The Bureau of Sanitation provides trash pickup to all single-family homes and apartment buildings with four or fewer units in Los Angeles. Some larger complexes are also served by the city, but most use private waste haulers.

DWP spokesman Joe Ramallo said the utility acts as "solely a billing agent" that collects and delivers trash fees for the Bureau of Sanitation.

"The Department of Public Works Bureau of Sanitation is the responsible party for matters related to its Solid Resource Fee, including charging and refunding. ... LADWP has no discretion over setting the amount of trash fees or determining refunds," Ramallo said in a written statement.

Blood blames both agencies.

"They say it's each other's fault, but I would say it's both of their faults," Blood said. "They were sending out the bills without worrying if the information is accurate."

News of the overcharges was met with frustration from organizations representing both renters and apartment owners.

"Tenants have a hard enough time paying the rent, let alone having to pay charges that they're not responsible for," said Larry Gross, executive director of the Coalition for Economic Survival, a tenants' rights group.

Gross praised the settlement as a victory for renters.

Jim Clarke, executive director of the Apartment Association of Greater Los Angeles, said the situation added to his members' aggravation with city trash service. Many apartment owners would prefer to use private haulers, which Clarke said can be cheaper.

"There's a huge mix-up. How will they figure this out? It's got to be done building by building," Clarke said. "It's a huge mess."

The lawsuit was filed in 2010 after Hollywood resident Lilith Chakhalyan noticed that she and other elderly tenants in her building were being charged for trash service, even though their complex was privately serviced.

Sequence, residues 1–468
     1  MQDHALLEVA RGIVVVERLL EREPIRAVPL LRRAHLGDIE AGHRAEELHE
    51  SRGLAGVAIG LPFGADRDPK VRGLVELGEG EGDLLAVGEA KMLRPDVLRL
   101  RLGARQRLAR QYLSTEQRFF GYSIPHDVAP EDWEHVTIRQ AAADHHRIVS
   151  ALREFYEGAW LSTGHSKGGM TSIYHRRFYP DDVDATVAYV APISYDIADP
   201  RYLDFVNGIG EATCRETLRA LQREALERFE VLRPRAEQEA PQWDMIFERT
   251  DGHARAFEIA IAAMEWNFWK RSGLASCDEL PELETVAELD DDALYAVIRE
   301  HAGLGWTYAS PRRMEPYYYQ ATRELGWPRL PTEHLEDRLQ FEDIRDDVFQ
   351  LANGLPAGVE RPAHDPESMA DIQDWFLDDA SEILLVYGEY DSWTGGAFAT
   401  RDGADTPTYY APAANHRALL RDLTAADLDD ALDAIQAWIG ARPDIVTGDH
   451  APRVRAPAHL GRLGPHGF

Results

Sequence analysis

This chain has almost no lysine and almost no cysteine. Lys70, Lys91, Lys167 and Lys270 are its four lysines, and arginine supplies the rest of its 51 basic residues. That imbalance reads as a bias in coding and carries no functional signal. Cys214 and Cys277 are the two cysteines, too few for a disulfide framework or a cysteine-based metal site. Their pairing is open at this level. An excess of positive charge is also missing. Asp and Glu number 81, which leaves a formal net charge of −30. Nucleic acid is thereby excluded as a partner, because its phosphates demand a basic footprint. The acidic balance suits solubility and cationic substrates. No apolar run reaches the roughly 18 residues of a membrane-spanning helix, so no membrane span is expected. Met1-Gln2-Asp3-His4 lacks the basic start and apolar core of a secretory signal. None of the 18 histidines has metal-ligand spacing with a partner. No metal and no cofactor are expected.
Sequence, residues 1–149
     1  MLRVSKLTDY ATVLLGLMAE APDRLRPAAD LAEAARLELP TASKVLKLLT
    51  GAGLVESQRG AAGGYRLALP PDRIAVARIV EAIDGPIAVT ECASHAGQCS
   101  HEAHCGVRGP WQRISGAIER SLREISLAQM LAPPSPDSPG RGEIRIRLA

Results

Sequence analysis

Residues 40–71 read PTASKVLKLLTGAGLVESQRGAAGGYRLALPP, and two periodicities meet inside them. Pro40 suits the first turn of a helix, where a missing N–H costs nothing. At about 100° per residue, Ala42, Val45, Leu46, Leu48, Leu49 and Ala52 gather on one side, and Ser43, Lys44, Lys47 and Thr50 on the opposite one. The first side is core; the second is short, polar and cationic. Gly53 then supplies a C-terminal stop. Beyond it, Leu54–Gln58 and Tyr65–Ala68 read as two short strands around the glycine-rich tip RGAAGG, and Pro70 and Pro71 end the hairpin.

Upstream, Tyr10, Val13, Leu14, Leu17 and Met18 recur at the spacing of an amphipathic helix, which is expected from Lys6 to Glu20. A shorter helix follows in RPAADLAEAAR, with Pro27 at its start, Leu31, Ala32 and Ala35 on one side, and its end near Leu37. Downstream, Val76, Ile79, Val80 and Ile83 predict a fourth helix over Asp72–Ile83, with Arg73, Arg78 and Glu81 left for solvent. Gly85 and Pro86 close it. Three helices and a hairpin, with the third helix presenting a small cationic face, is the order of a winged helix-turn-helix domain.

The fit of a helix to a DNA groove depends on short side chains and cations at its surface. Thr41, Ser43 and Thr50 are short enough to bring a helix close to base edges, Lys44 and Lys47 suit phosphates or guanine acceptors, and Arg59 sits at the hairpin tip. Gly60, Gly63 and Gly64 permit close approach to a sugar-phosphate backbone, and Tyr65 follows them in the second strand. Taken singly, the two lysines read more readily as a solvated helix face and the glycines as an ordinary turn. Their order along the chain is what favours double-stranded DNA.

"One of the giveaways was that the city had told her that their system is outdated and they didn't know for sure" how many customers were affected, said Hovanes Margarian, a Sherman Oaks attorney who worked on the case. "I got the feeling there might be a lot more people out there."

The city has thus far determined that about 8,400 of 750,000 trash-service customers were mischarged, Carvalho said.

In court, the city sought to use a municipal statute that would have limited the amount of refunds to just one year of overcharges per affected customer, attorneys for both sides said.

In settlement talks, the sides agreed to cover more than four years' worth of overcharges, though the problem may have been going on for much longer.

In 2000, the city settled a much smaller lawsuit for similarly overcharging for trash fees, Blood said. Unlike that agreement, the current settlement mandates improvements to city databases, among other changes to try to end billing discrepancies. DWP and the Bureau of Sanitation are also required to hold regular meetings to jointly resolve billing problems.

"There are a lot of corrective measures that the city is going to engage to make sure the problem is limited down to, hopefully, nobody," Carvalho said. "Hopefully, if you've had a bill for anything, hopefully you check it. Mistakes are made. Humans are not infallible."